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International Geospatial Briefing Jan 31st: 1. Exploring the World’s Food Sources; 2. Tracking Sinkholes with Satellites; 3. New Map Shows 2016 Methane Emissions Worldwide; 4. AI and McDonald’s Locations; 5. Satellites Proving Useful in Aftermath of Tonga Eruption

New Interactive Map Explores World’s Food Sources

A new application recently published by Visual Capitalist allows users to explore food production around the world like never before. The interactive map allows you to sort and explore incredible amounts of data, including both consumption and production metrics for an extremely wide variety of foods. The map can be sorted by country, time-lapse data is also available for many foods. In our opinion, the data is best explored in its’ visual format, but it can also be viewed in tabular form. This project is truly immense and an incredible collection of data so while the article touches on some staple crops and their roles in fighting worldwide food insecurity, we think you should really take some time to explore this application for yourself.

Explore the interactive application here.

Tracking Sinkholes with Satellites

A joint team of Florida International University and the University of South Florida is expanding the applications of InSAR (Interferometric Synthetic Aperture Radar) with their latest project tackling sinkholes. Florida is well known for its karstic landscape that has led to a plethora of sinkholes in recent years, and the team led by geophysics professor Shimon Wdowinski is hoping to provide a new solution to monitor how these landscapes are changing, at millimetre-per- year accuracy. InSAR provides a level of detail that is not visible to the naked human eye, allowing for the pinpointing of locations with ground movements that would otherwise go unnoticed until it’s too late. Using InSAR observations the team can identify regions to be further targeted with ground-based instruments such as ground-penetrating radar that can provide a fuller picture of what is happening in the sand and soil below. With this added insight, the team hopes its methods can identify disasters before they happen and provide reliable data with life-saving implications.

Read the full story here.

Visualizing Methane Emissions Across the Globe

NASA recently shared new maps of methane emissions worldwide from 2016 that allows the visualization of some of the world’s largest sources of emissions. Methane is one of the most potent greenhouse gases known to man, having up to 20x the warming effect of CO2 in the atmosphere. The map, seen below, identifies hotspots where emissions were the greatest throughout 2016 and can be interpreted to highlight some intriguing patterns. In Russia, for example, you can see the specific path of pipelines making their way to western Europe. Among the most notable observations, the emissions leaders were Russia for oil-related emissions, the U.S.A leads the way in natural gas emissions, and China leads the world in methane emissions from coal-related activities.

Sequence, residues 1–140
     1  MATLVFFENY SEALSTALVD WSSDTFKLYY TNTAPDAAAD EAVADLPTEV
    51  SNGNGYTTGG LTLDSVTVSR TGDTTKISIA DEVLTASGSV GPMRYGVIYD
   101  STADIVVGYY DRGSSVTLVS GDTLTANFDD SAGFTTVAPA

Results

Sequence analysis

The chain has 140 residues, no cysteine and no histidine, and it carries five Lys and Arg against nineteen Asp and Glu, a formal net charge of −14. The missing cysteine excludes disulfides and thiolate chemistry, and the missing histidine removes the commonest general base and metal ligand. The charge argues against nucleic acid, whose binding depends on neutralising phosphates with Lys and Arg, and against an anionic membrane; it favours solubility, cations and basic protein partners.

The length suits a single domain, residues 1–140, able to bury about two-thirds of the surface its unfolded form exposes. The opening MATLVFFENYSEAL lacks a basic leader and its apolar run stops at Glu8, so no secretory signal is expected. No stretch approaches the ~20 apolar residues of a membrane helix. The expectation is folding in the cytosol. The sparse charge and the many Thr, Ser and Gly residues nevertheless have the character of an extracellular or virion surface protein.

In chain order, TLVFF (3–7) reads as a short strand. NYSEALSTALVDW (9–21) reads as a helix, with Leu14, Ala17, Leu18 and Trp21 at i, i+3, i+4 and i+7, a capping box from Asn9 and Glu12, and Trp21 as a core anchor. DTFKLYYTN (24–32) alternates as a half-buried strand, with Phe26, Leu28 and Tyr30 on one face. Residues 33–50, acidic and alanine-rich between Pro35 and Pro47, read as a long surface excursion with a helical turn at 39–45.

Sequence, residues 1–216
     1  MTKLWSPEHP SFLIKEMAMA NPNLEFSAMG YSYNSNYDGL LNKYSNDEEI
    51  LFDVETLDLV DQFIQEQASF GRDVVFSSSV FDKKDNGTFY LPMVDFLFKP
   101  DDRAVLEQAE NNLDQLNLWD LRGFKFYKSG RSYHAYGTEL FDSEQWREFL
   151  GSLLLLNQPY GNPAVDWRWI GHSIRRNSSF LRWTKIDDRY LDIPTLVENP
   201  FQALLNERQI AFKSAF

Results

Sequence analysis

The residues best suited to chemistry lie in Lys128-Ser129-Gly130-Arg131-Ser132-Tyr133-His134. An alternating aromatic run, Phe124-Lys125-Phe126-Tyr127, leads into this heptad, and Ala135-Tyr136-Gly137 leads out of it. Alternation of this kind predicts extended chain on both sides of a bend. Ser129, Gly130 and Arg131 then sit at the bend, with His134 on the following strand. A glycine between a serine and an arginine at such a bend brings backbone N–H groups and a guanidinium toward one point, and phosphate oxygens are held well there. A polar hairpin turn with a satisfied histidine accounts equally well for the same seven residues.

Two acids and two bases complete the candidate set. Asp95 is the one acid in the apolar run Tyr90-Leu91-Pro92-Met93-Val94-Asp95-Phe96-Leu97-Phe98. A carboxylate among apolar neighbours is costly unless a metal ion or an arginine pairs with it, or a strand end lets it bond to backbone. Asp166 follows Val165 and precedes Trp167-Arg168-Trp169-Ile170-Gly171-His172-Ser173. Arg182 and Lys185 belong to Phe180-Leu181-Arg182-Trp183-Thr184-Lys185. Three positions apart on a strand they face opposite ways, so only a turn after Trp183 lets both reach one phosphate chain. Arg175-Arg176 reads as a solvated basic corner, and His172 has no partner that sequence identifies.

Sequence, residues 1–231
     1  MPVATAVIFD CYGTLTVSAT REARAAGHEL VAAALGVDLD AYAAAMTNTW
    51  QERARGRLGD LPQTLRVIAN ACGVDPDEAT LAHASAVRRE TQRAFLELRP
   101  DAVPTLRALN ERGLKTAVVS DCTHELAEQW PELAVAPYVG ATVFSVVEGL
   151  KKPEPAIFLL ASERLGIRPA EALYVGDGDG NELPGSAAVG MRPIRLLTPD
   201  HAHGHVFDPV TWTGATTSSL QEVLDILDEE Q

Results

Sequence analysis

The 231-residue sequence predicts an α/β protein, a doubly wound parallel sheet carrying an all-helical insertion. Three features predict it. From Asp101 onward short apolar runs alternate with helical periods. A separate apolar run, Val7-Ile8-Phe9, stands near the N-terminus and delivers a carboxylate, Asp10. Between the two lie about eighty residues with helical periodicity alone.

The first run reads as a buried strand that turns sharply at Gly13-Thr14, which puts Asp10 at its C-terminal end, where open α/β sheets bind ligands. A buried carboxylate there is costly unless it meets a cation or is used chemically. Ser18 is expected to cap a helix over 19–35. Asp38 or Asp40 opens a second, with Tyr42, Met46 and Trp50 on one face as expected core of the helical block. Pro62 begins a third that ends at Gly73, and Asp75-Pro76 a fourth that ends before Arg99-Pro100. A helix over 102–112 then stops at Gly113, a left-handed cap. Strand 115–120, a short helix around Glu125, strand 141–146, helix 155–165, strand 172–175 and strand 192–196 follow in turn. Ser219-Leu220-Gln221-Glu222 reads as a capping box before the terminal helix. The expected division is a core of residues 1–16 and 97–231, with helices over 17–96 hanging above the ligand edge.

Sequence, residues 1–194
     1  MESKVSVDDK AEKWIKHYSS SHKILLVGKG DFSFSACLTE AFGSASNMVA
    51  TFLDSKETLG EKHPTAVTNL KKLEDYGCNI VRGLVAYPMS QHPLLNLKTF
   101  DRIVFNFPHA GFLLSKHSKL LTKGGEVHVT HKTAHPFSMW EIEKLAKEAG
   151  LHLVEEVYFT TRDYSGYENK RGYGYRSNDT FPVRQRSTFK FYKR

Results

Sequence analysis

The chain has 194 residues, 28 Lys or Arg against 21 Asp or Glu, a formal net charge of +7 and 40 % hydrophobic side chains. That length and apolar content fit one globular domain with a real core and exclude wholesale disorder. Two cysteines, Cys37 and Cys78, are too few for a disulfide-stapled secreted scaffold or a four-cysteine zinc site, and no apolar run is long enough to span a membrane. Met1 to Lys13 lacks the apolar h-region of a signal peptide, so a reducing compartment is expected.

Read the full story here.

McDonald’s Germany Using AI for New Locations

McDonald’s Germany recently announced a new partnership with Targomo, a location intelligence start-up based in Berlin and Potsdam. Targomo uses AI to analyze geospatial data to unleash the potential of location intelligence for their customers. While this deal is specific to McDonald’s Germany and their expansion plans, company-wide the shift to modern technologies is something that McDonald’s attributes to their success through the pandemic, when many locations had their dining rooms closed around the world, adapting to changing conditions is something that helped them remain successful and profitable.

Read the full story here.

Satellites Providing Deeper Insights to Tonga Volcanic Eruption

With the growing number of satellites orbiting the planet, earth observation data is becoming more available and more frequently captured. The recent volcanic eruption near the South Pacific island of Tonga illustrated this, with many different satellites capturing the same event. An event of this magnitude was felt for hundreds of kilometres, but also widely captured from space. The article from the BBC has amalgamated some of the best data captured about the event, which strongly illustrates the wide variety of earth observation data and all the advantages it offers us in better understanding the natural systems of the planet. We highly recommend checking out some of the important data that was collected of the event, and the interpretations of the data that have quickly become available.

Read the full story here.

“A final video of today’s explosive #Tonga #eruption.
This shows data from all three weather satellites covering the area. From left to right: Korea’s GK-2A, Japan’s Himawari-8 and the US GOES-17. Fascinating to see the different perspectives.” Originally tweeted by Simon Proud (@simon_sat) on January 15, 2022.


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